A region on chromosome 14 has been associated with compulsive hoarding behavior in families with OCD, suggesting a genetic link to the disorder. Although more research is needed to pinpoint the specific genes involved, these findings underscore the importance of genetic factors in understanding hoarding behavior.

Coping Mechanisms and Emotional Attachment

At first glance, hoarding may appear as an amplified form of materialism. Yet, it’s frequently less about the possessions’ worth and more about the emotional bond with them. Hoarders often form profound emotional and sentimental connections to their possessions, which they perceive as an extension of their own identity.

Furthermore, for many individuals with hoarding disorder, shopping acts as a coping mechanism. It offers temporary relief from negative emotions and anxiety, helping them manage their distress. Unfortunately, these coping mechanisms can lead to a vicious cycle of shopping, hoarding, and emotional distress.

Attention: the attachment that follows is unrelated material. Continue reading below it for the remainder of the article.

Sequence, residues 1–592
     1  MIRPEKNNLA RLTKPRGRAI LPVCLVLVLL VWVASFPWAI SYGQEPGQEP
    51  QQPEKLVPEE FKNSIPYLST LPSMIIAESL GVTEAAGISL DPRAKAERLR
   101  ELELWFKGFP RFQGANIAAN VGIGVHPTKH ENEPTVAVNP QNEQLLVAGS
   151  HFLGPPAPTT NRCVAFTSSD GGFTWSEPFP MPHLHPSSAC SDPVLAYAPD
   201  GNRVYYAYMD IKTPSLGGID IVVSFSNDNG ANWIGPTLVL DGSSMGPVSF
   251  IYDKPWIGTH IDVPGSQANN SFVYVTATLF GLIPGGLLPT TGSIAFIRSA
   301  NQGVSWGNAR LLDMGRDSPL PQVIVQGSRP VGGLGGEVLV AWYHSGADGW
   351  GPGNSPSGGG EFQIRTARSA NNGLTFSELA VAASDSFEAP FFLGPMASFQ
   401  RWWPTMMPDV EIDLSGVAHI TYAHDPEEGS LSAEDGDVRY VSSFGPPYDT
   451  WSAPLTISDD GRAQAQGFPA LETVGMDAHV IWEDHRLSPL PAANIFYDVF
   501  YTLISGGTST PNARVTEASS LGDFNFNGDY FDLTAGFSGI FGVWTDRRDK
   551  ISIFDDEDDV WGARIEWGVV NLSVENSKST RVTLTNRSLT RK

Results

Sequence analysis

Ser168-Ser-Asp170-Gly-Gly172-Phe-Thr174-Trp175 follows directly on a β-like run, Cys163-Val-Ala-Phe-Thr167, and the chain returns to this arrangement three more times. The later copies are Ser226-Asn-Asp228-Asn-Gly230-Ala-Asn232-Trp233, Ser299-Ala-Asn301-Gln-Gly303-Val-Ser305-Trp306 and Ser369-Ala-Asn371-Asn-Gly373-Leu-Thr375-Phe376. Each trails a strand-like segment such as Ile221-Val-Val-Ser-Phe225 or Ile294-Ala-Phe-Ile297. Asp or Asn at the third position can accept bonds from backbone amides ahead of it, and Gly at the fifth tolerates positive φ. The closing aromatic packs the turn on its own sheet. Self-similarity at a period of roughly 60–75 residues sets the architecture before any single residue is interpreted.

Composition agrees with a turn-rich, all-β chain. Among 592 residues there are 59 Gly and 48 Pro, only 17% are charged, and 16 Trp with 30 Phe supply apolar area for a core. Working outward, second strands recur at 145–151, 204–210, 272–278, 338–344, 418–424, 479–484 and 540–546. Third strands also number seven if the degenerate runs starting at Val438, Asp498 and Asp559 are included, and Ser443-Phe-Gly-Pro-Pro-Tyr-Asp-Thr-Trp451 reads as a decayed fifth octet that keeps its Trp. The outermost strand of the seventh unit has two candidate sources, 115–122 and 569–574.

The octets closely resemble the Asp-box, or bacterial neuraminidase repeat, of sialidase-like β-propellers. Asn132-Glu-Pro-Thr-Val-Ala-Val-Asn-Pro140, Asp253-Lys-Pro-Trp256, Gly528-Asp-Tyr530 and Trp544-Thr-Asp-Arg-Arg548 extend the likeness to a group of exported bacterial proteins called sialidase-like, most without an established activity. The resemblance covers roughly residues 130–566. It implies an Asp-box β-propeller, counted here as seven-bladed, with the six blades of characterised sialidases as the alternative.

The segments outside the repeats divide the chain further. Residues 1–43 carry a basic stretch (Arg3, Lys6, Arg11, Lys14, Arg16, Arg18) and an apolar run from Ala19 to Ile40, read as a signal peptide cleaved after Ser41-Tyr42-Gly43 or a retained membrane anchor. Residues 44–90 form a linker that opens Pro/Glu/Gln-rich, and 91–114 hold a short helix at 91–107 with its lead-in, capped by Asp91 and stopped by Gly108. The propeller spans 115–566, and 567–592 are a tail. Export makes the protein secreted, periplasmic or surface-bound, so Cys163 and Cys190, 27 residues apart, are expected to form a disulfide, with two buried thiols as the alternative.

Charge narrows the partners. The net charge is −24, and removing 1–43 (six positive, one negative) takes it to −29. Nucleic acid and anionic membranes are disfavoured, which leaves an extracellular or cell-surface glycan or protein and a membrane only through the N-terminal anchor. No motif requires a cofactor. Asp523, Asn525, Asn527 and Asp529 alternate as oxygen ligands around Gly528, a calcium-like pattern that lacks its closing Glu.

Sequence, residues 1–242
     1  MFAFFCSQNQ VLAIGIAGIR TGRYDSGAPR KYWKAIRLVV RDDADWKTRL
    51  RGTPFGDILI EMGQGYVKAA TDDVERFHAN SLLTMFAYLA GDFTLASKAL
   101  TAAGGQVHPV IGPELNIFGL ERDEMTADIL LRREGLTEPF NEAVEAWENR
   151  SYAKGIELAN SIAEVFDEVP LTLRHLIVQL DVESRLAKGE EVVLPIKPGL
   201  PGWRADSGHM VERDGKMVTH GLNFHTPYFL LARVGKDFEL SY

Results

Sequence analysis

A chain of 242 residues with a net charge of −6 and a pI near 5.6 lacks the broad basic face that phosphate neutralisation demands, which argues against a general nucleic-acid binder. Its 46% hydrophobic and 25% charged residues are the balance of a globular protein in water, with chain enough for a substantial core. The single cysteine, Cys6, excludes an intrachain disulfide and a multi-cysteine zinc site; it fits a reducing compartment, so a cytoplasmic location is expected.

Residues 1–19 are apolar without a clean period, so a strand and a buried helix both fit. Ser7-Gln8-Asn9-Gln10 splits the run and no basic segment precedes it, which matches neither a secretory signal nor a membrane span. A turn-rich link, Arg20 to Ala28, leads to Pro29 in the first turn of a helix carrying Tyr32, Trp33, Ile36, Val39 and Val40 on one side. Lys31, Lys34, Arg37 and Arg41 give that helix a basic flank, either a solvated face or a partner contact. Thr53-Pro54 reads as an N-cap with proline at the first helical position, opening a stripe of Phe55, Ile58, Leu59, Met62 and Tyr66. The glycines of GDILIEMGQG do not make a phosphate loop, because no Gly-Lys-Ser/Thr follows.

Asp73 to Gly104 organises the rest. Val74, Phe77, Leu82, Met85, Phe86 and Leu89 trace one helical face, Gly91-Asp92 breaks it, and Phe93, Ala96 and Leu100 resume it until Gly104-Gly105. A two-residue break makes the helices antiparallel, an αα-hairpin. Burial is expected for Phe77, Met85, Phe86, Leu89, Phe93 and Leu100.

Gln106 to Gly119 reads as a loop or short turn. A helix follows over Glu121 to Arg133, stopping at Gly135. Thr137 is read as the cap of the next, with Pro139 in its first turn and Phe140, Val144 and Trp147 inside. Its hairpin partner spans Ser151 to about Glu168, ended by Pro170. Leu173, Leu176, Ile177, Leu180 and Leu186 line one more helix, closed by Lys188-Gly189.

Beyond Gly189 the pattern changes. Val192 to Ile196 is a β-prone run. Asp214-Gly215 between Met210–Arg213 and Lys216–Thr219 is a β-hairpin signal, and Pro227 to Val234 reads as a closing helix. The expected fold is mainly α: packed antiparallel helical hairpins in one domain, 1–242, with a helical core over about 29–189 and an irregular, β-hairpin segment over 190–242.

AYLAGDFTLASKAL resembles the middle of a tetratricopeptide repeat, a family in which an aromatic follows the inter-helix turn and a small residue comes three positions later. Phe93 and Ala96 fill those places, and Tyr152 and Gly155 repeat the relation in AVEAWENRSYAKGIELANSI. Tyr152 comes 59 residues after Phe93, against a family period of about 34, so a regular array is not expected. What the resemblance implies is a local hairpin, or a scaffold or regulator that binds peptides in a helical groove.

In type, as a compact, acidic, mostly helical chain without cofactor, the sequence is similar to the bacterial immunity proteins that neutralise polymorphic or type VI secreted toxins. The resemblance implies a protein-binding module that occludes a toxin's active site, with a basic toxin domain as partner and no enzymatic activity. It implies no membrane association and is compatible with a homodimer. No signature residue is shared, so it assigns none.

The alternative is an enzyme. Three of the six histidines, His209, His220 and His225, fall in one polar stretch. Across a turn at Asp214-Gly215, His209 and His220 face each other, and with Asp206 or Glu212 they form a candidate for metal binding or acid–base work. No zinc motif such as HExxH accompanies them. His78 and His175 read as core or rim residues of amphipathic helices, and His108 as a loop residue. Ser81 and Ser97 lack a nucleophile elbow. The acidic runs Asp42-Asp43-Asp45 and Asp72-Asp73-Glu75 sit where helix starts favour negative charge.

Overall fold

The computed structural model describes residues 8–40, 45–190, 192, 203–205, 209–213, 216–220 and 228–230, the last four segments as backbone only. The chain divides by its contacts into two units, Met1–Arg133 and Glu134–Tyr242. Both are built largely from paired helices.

Emotional Attachment to Possessions

Emotional attachment to possessions can drive hoarding behavior. This attachment can be driven by:

  • sentimental value

  • personal memories

  • self-identity expression

  • comfort

  • social relationships

The emotional connection to possessions is often profound, and hoarders frequently turn to these items for emotional solace.

This emotional attachment can make it extremely hard for hoarders to part with their possessions. They often experience significant distress when attempting to discard items, perceiving these possessions as integral to their identity. This emotional connection often corresponds with the extent of their hoarding behavior.

Shopping as a Coping Mechanism

A cluttered room with various items, representing hoarding behavior as a coping mechanism

Shopping can serve as a coping mechanism for individuals with hoarding disorder. It provides temporary relief from emotional distress and operates as a form of retail therapy or emotional spending. However, the immediate relief provided by shopping can lead to long-term emotional effects, including:

  • feelings of regret

  • remorse

  • shame

  • guilt

  • anxiety

  • depression

  • reduced self-esteem